REWIND: Bob Scanlan’s ‘Second Wind’

Summer 2016

At an age when others were retiring, he advanced the field of aerodynamics and aeroelasticity of high-rise buildings and long-span bridges.

Robert Scanlan had already established himself as an international expert in aeronautics and aeroelasticity—his Introduction to the Study of Aircraft Vibration and Flutter was a classic text in the field—when he came to Johns Hopkins from Princeton to do a sabbatical year.

That was in 1984. Scanlan ended up joining the Whiting School faculty at an age when most people would be retiring, and he remained an active teacher and researcher for the next 17 years, until his death in 2001.A photo of Bob and Beth Scanlan

“If you ask people what university they associate with Bob, you’ll hear Hopkins first. I had never dreamed that would happen,” recalls Ross Corotis, who had been tapped by Dean David VandeLinde to create a new Civil Engineering Department when the Whiting School was established in 1979. “I thought we would get the benefit of a few years from Bob, to help build our reputation with his big name. Instead, he stayed on, actively teaching and researching.”

The methods Scanlan pioneered for analyzing long-span bridges under wind loading are now commonly used around the world, and his book Wind Effects on Structures is widely recognized as a key reference in the field. While at Johns Hopkins, Scanlan further developed his second major career emphasis: wind engineering. He led the development of the field of aerodynamics and aeroelasticity of large civil engineering structures, such as high-rise buildings, long-span bridges,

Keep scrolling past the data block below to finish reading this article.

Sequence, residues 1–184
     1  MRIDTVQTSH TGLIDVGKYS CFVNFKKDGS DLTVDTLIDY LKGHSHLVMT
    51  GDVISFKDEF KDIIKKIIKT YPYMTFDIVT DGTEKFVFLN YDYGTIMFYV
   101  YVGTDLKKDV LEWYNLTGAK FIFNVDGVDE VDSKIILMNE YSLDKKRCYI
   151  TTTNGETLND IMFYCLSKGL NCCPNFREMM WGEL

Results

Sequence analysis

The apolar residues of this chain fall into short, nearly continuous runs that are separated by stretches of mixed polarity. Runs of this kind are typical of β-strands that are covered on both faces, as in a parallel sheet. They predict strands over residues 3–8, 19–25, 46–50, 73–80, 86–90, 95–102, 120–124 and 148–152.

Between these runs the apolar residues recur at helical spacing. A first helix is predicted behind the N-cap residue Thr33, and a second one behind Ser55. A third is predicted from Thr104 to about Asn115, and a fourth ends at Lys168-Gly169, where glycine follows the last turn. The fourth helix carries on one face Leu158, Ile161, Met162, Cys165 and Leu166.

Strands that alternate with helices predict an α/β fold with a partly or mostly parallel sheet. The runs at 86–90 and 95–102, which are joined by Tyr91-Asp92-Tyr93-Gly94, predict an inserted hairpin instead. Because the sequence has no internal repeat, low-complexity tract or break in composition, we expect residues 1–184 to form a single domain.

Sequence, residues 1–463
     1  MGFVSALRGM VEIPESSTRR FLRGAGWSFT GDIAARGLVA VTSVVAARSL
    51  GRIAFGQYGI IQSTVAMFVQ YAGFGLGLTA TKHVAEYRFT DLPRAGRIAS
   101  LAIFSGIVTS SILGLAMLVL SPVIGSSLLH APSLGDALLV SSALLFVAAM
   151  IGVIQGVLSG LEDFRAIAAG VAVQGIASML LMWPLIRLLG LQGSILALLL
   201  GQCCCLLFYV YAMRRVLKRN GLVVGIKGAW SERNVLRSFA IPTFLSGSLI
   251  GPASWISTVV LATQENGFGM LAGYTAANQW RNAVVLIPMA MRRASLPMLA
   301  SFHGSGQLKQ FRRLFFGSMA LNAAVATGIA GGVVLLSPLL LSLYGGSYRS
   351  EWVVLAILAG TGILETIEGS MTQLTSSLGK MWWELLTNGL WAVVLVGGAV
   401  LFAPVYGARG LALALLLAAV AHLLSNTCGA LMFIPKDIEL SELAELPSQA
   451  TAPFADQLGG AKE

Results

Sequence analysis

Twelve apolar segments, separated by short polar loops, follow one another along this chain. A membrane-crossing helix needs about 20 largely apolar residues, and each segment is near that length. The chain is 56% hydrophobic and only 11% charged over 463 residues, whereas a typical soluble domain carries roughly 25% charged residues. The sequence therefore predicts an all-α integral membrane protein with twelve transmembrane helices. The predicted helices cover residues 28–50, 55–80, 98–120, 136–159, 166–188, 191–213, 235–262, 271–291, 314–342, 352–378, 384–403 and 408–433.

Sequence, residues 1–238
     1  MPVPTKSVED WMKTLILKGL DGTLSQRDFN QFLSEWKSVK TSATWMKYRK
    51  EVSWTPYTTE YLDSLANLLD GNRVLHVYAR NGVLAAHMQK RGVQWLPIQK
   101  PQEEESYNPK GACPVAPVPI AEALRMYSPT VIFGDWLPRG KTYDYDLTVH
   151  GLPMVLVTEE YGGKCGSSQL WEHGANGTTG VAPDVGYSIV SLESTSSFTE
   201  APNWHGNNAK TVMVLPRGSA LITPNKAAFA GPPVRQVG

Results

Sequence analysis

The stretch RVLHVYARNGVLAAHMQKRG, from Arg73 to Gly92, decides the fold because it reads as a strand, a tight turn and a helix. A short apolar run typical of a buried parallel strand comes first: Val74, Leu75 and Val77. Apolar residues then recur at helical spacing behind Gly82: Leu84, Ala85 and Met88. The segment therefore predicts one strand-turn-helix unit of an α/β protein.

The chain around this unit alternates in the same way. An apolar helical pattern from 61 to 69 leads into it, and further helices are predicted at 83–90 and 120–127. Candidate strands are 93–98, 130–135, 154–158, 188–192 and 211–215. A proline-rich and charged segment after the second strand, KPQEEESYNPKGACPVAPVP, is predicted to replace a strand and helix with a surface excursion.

and cooling towers.

Corotis attributes Scanlan’s “second wind” to the arrival in 1984 of the young Nick Jones, who would go on to become dean. “Nick’s interests overlapped wonderfully with Bob’s. Nick was this bright, energetic young researcher who spent 20 hours a day working here at the Whiting School. I think Nick gave Bob new life. They spent much of their research time working in the Corrsin Wind Tunnel, bringing in doctoral students for research and really building the department.”

A kind, gentle man, Scanlan was “great with students, and he’d do anything for you,” Corotis recalls. Scanlan developed a popular course, The Technology of Manmade Things, which he offered exclusively to nonscience students at the School of Arts and Sciences. And he supported the growth of the department’s up-and-coming  young faculty members. “He never took a cent in raise all the years he was here,” Corotis says. “Every year he’d say, ‘Take my raise and give it to the bright, young faculty.’”

Scanlan’s wife, Beth, was equally selfless, serving as her husband’s personal secretary for no salary, from a desk in the corner his spacious office in Latrobe Hall.

Scanlan was working on a new idea for modeling wind-induced vibrations when he died in 2001, at 86. “He had a page and a half of equations written out,” recalled his son, Glenn. “He took off his glasses and took a nap—it was the perfect way for him to go.”